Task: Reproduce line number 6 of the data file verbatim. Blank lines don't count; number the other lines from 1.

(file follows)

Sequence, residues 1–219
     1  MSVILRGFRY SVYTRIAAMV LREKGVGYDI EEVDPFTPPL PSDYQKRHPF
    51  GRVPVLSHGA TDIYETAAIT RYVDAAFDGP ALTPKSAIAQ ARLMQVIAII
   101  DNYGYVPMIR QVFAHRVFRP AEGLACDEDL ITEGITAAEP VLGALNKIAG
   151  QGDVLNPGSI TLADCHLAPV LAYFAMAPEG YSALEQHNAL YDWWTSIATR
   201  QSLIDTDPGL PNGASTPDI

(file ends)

   201  QSLIDTDPGL PNGASTPDI